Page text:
At the tail end of 2009, I posted a review of a Delmark collection “Boogie Woogie Kings,” that was anthology collecting some vintage blues and boogie woogie piano. More recently I purchased from www.jazzology.com a variety of traditional jazz CDs along with one devoted to boogie woogie and blues piano, “The Solo Art Story -— Vol. 1 Piano Blues & Boogie Woogie 1938-1939” (Solo Art). This compilation brings together recordings that were made for the Solo Art label in the late 1930s when a Brooklyn bartender and record collector, Don Qualey, started the label devoted to piano solos. Right after John Hammond had presented the legendary “Spirituals to Swing” concert at Carnegie Hall, Qualey took the legendary Boogie Woogie Trio, Pete Johnson, Albert Ammons and Meade Lux Lewis into the studio. Furthermore, through Lewis Qualey located Jimmy Yancey and, after being located, Yancey made his initial recordings for Solo Art. Qualey would also record two other artists, Cripple Clarence Lofton, and the Russian born Art Hodes, George Buck acquired the rights to the original Solo Art label and its recordings. Buck reactivated Solo Art as a label to primarily reissue solo piano jazz and blues, as part of the labels he operates through the George H. Buck Jr. Jazz Foundation.
“The Solo Art Story - Vol. 1 Piano Blues & Boogie Woogie 1938-1939” has some overlap of artists with the Delmark release “Boogie Woogie Kings,” with performances by Johnson, Ammons, Lewis and Lofton along with performances by Hides and Yancey. It opens with five performances from Johnson with the opening “Climbin’ and Screamin’,” being a typical Johnson boogie woogie full of his driving left hand and right hand embellishments, while “Pete’s Blues,” is a marvelous late night blues followed by “B&O Blues,” a middle tempo rolling boogie. Two tracks from Hodes follow including the evocative “South Side Shuffle.” “Mecca Flat Blues” by Albert Ammons features his left hand bass and strutting right hand while “Boogie Woogie,” is a reworking of “Pinetop’s Boogie Woogie,” with a bit less of the ragtime flavor but certainly one of the best later renditions of this boogie standard. The three selections from Lewis include a relaxed “Messin’ Around,” along with the jaunty “Deep Fives,” which exhibits some stride roots in Lewis. The two solos built upon “How Long Blues,” by Jimmy Yancey are the Mount Everest on a collection of piano blues and boogie woogie that is like visiting the Himalayan Mountainss of this form. Yancey’s blues and boogie piano is musical poetry. And this is followed by six stunning solos from Cripple Clarence Lofton including a fully instrumental rendition of “Streamline Train,” his own take on “Cow Cow Blues.”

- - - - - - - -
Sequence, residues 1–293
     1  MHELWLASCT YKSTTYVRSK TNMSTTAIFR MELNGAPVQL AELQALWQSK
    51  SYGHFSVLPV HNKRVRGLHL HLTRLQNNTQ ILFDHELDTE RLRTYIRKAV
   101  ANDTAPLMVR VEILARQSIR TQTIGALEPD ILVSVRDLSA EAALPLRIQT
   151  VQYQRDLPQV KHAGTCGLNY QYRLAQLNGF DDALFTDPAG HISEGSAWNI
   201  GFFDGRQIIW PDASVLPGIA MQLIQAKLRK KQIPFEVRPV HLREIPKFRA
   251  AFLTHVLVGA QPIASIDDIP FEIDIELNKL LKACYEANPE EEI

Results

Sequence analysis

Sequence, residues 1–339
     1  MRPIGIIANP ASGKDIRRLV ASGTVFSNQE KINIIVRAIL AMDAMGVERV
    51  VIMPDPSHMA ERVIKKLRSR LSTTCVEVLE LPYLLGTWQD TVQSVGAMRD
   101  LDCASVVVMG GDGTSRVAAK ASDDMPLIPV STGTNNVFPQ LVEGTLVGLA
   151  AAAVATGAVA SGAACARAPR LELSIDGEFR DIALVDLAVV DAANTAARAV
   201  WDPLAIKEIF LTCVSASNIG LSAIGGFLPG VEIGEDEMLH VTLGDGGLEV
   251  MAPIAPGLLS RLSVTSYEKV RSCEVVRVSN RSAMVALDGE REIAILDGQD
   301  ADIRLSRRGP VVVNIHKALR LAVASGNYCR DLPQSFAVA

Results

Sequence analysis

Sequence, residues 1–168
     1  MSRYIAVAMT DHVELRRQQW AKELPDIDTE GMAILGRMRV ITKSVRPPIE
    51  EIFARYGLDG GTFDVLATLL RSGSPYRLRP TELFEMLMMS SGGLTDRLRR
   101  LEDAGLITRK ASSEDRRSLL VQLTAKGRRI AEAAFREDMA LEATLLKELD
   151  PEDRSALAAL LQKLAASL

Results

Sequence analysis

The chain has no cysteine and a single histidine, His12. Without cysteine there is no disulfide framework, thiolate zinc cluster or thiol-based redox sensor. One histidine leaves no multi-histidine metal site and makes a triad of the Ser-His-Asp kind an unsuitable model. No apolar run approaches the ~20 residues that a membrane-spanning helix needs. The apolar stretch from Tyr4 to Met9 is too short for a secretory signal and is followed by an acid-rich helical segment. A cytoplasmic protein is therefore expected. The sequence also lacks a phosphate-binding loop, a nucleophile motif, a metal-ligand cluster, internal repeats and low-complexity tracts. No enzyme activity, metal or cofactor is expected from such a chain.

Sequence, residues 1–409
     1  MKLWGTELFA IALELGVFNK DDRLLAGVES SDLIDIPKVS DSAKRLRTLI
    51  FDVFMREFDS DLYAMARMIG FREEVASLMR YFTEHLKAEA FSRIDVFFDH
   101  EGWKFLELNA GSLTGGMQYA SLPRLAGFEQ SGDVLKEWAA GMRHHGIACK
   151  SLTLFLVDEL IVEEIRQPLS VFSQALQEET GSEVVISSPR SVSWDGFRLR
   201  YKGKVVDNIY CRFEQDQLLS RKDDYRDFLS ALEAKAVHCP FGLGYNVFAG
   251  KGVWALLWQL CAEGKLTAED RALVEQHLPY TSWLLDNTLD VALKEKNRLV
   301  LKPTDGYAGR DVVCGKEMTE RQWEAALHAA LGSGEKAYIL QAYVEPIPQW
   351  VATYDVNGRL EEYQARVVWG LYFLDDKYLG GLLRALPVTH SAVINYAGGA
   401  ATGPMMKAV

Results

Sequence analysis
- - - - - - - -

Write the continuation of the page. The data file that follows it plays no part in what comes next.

There is a Volume 2 that contains more by these artists and a disc devoted to Jimmy Yancey that the modern Solo Art label has reissued. This is one of those boogie woogie and blues piano collections that merits being called essential. It is available from jazzology.com, and also the Louisiana Music factory (www.louisianamusicfactory.com).